Accidentally leaving children in cars: how it happens
Children can be accidentally left in cars when parents or carers forget that their child is in the back seat. This lapse in short-term memory can happen when parents and carers feel tired, stressed or anxious, get distracted, or have a change in routine.
Lapses in short-term memory are natural and can happen to anyone. It’s especially easy to forget things when you’re a parent or carer. That’s because you’re thinking about and doing so many things every day, sometimes all at once.
Forgetting that your child is in the back seat of your car is very dangerous. There are three key things you can do to help yourself remember your child and keep them safe:
- Make a safe routine.
- Reduce distractions.
- Look after yourself.
Leaving your child alone in the car, even for a moment, is very dangerous. Parked cars can get hot very quickly. If you have to leave your car for any reason, always take your child with you.
Safe routines: the first step to prevent accidentally leaving children in cars
A safe routine can reduce your risk of accidentally leaving your child in the car.
That’s because a safe routine gives you cues to remember or check that your child is in the car. And once the routine becomes a habit, you’ll start automatically checking for your child without relying on your short-term memory.
The key part of a safe routine is checking the back seat every time you leave the car.
There are also some other things you can build into your routine to help you remember that your child is in the car:
- Open the back door of the car every time you park, even if no-one’s in the back.
- Put your child’s bag or lunch box on the front seat where you can see it.
- Leave something on the back seat next to your child. Choose an item that you’ll need at the end of the car trip, like your phone, wallet or bag.
- Every time you leave the car, check off a list of things that should be with you, in your head or out loud. For example, ‘Baby, keys, wallet, phone’.
- Leave a reminder post-it note or sticker on your car window or near your door handle, where you’ll see it when you get out of the car. It could say something like ‘Look before you lock’ or ‘Check the back seat’.
You can also use devices that remind you that your child is in the car. For example:
- Back seat mirrors or video monitors – these help you see your child when you’re in the front.
- Car seat sensors – these monitor weight on your child’s car seat, movement in the back of the car and changes in car temperature. They sense and alert you if your child is left behind.
- Rear door alert systems – these detect whether you’ve opened the back door before or during your trip. They can remind you at the end of your trip to check the back seat.
- Devices to plug into your car’s power adapter – these can remind you to check the back seat when the engine is turned off.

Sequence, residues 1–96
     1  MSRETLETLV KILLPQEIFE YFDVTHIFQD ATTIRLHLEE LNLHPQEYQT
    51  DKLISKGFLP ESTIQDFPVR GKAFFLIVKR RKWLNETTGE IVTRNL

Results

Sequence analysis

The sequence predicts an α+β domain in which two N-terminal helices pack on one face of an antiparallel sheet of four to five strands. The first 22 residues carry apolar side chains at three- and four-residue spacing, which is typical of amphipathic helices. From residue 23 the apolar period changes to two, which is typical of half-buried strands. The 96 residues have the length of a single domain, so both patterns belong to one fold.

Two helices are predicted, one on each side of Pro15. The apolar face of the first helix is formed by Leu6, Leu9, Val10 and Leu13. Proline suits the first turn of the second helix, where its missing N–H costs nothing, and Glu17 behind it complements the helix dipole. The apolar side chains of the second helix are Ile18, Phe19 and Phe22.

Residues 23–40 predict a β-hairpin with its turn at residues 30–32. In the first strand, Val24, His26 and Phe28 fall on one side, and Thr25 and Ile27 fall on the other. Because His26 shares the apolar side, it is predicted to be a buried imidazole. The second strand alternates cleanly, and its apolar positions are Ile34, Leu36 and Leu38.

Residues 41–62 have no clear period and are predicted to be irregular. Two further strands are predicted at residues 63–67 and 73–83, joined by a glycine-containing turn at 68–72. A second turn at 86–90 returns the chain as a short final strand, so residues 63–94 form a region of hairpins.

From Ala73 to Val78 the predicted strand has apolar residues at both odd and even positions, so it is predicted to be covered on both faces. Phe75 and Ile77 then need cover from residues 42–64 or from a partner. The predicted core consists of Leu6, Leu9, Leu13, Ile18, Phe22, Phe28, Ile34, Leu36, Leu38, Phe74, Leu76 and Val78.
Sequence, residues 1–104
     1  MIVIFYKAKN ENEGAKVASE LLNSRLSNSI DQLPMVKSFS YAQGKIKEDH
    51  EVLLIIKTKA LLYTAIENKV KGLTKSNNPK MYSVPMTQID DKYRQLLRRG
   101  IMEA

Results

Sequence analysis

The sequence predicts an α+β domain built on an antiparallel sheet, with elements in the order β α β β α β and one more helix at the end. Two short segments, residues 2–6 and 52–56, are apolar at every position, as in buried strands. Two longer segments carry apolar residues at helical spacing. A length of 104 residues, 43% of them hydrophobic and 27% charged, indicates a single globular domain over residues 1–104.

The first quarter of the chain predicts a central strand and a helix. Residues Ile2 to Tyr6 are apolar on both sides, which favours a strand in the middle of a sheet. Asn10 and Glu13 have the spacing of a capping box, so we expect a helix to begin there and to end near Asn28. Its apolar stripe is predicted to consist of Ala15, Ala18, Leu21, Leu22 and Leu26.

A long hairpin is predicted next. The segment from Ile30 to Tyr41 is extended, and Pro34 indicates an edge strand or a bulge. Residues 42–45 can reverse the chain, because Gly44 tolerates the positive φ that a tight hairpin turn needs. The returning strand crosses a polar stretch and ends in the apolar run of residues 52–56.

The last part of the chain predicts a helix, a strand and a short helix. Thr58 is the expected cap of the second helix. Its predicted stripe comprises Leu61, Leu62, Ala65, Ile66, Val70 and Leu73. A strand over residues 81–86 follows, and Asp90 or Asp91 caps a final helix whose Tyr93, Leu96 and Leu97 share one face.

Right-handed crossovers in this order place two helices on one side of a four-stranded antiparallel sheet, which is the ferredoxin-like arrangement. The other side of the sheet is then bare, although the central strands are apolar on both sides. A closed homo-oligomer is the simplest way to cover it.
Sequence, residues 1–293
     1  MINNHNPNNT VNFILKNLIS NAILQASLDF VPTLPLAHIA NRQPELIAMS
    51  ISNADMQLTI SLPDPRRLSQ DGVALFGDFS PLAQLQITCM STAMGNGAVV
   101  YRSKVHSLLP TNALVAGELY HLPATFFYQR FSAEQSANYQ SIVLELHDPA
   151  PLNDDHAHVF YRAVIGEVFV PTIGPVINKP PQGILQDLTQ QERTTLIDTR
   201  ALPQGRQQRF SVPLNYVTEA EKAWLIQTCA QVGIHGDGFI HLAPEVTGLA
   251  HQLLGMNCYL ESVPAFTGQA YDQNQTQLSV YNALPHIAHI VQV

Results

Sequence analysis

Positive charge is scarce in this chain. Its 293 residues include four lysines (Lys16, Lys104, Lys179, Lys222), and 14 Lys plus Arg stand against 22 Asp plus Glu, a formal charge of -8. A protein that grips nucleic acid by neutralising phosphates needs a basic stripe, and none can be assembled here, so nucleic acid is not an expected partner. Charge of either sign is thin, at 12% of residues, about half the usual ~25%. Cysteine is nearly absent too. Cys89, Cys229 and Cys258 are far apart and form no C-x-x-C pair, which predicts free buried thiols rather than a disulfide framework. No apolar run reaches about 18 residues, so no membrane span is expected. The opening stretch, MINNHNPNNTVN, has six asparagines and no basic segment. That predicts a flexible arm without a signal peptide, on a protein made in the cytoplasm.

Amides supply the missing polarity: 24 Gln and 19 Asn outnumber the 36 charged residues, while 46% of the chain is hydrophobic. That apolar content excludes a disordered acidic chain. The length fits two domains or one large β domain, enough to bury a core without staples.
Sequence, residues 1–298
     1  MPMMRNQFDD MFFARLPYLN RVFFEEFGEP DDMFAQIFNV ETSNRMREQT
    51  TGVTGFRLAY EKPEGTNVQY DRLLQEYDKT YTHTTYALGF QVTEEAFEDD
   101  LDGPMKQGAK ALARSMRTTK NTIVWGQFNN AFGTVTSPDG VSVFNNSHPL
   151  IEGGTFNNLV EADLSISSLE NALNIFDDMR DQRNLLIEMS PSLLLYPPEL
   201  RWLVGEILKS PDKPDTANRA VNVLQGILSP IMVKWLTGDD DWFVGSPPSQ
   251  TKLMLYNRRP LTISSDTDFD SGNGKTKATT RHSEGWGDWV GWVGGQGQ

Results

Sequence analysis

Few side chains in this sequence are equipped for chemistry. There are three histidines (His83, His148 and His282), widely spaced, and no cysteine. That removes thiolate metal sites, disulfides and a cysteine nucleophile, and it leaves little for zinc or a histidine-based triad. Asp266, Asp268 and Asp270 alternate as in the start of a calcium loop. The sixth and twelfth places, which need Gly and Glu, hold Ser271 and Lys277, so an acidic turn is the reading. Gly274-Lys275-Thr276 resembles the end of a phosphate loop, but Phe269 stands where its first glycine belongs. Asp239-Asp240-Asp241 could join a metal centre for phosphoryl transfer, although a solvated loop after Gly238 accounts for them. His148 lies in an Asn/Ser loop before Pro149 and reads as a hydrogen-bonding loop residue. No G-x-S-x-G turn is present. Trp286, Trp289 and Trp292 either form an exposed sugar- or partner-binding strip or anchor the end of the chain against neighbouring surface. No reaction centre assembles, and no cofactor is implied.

It’s always best to use these devices together with a safe routine.
You can also ask your child’s carer or child care service to call you if your child hasn’t arrived – for example, if your carer has been waiting for 30 minutes.
The more strategies you put into place to prevent accidentally leaving your child in the car, the safer it is for your child.
Distractions can increase the risk of accidentally leaving your child because they overload your short-term memory.
You can reduce distractions when you’re in the car with your child by:
- allowing plenty of time for your trip so that you’re not rushing
- putting your phone on silent or on airplane mode
- using a GPS when travelling new routes so you have fewer things to think about
- turning off the radio.
Sometimes children are accidentally left in cars because of distractions that you can’t control or because there’s been a change in routine. For example, you’re used to driving straight to work but you need to drop your child off at day care one morning.
This is why it’s important to make a safe routine, so that checking the back seat for your child is part of every car trip.
Looking after yourself
It’s common for parents, especially new parents, to feel tired, stressed or anxious. This can affect your short-term memory and increase the risk of accidentally leaving your child in the car.
Looking after yourself is an important way of reducing this risk.
Getting enough sleep
It’s important to try to get enough sleep. If you can get more sleep, you’ll feel more rested and less stressed. If you have a baby or young child, getting more sleep might mean going to bed earlier, or making time for an afternoon nap on the weekends.
If you’re tired because your baby or toddler isn’t settling or sleeping well, you can get help from your child and family health nurse, GP or paediatrician. These health professionals can work with you to find a sleep and settling solution that’s right for your family.
If you’re feeling extremely tired, it’s best to avoid driving. If it’s something that can’t wait, you can ask someone else to drive or you can use public transport, a taxi or a rideshare service.
Some common signs of stress or anxiety are worrying most of the time, having trouble sleeping and feeling your heart racing.
Options for managing stress or anxiety include:
- doing breathing exercises or positive thinking exercises
- talking things over with friends or family
- making time to do things you enjoy.
If your child is unintentionally locked in a car or you see any child left unattended in a car, call for help or notify someone straight away. If the child looks hot or distressed, call 000 immediately. You should also call local roadside assistance for help.